Review: The Mouse-Proof Kitchen by Saira Shah



Title: The Mouse-Proof Kitchen

Author: Saira Shah

Published: Atria July 2013

Status: Read from June 01 to July 02, 2013 — I own a copy {Courtesy the publisher/Netgalley}

My Thoughts:

In Saira Shah’s debut novel, The Mouse-Proof Kitchen, Anna and Tobias’s plans – to leave London for an idyllic cottage in Provence where Anna can raise Freya while working part time as a chef and Tobias can chase lucrative work as a film music composer – are thrown into disarray when their daughter is born. Unexpectedly, the doctors have told them that Freya has brain malformations that indicate she will have severe cognitive and physical disabilities and neither Anna nor Tobias feel they will be able to cope with her needs. Tobias suggests abandoning their newborn in the hospital but Anna, despite her very real concern about her ability to love and care for their daughter, is persuaded to take Freya home ‘for a while’. Reluctant to concede the death of their dreams, Anna and Tobias move to a partly derelict farmhouse in a remote region of France where they are faced with a kitchen infested by rodents, and a daughter they must learn to love.

The Mouse-Proof Kitchen is a moving yet darkly subversive story inspired by, but not based upon, the author’s own life experience. It is an exaggeration of emotion, domestic drama and dysfunction in the face of adversity, exploring the disruption of the ‘best laid schemes of mice and men’.

While Tobias buries himself in work, Anna tries desperately to re-gather the shards of her broken dreams but her reality is a kitchen infested by rodents, an unhelpful husband and the relentless needs of her daughter. Over the course of a year, as they struggle to accept their new circumstances, they battle with resentment, tiredness and guilt.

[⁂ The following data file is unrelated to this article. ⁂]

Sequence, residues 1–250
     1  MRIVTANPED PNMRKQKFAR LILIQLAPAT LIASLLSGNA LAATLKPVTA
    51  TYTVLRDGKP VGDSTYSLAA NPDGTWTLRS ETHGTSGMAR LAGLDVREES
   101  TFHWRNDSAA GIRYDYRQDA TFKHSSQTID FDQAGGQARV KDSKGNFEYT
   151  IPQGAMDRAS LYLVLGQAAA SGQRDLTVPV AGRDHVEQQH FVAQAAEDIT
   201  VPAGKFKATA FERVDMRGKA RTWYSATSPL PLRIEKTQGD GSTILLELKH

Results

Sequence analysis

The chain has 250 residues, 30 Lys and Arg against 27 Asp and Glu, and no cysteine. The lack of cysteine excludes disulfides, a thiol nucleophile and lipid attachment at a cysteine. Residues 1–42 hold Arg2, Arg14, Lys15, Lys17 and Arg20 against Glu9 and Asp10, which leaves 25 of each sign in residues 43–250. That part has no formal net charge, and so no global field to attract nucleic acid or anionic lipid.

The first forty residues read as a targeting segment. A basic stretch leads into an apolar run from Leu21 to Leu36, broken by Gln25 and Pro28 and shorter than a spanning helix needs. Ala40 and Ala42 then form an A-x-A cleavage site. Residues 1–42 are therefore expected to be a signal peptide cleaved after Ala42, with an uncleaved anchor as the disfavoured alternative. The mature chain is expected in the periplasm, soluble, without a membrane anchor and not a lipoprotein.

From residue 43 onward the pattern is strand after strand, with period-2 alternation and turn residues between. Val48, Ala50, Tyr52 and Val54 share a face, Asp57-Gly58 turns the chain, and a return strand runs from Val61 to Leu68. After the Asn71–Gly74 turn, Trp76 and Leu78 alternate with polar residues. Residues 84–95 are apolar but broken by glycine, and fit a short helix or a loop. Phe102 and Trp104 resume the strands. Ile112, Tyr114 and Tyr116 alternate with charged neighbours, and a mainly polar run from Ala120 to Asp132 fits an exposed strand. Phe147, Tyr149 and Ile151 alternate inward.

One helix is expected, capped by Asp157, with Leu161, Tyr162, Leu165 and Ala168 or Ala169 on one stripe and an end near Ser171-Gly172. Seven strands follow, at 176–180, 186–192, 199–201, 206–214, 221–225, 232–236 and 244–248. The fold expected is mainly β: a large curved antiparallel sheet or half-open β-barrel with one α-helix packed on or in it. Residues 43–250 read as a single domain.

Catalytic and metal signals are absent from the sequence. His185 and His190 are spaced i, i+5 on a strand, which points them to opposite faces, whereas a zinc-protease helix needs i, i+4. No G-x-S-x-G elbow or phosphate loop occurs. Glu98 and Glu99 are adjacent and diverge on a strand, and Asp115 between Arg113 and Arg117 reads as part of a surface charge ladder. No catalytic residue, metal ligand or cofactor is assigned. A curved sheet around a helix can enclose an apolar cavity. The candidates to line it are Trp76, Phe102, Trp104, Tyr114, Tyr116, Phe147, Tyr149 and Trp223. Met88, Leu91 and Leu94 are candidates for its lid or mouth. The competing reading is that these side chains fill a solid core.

Despite their glaring faults as parents, Anna and Tobias do provoke sympathy. They are both terrified to love Freya and become attached to a child whose life expectancy is limited and whose needs are unending.

Respite from the emotional maelstrom comes from a supporting cast of quirky characters that make their way to Les Rajons including teenage hippy Lizzy, the angelic Kerim and Anna’s visiting mother as well as neighbors Julien and Ludovic. Each character challenges Anna in particular to reexamine her notions about motherhood, family, marriage and in their own unique way, help Anna and Tobias on their journey to acceptance.

Confronting, funny and touching, The Mouse-Proof Kitchen is a remarkable novel about the reshaping of dreams and unconditional love.

Available to purchase from

Simon & SchusterUS I Amazon I BookDepository

Aust Edition



3 Comments (+add yours?)

  1. Nikki-ann
    Jul 06, 2013 @ 23:38:48

    I love the title of this book. Cover-wise, I think they both look great but I think the Australian one if my favourite.

    This certainly sounds like an interesting and thought-provoking story.

    Great review, as always 🙂



  2. Kate Loveday
    Jul 09, 2013 @ 09:06:04

    It sounds like a great read. One to make you count your blessings!



  3. Joo
    Jul 11, 2013 @ 11:21:59

    I had been wondering about this one — nice review!



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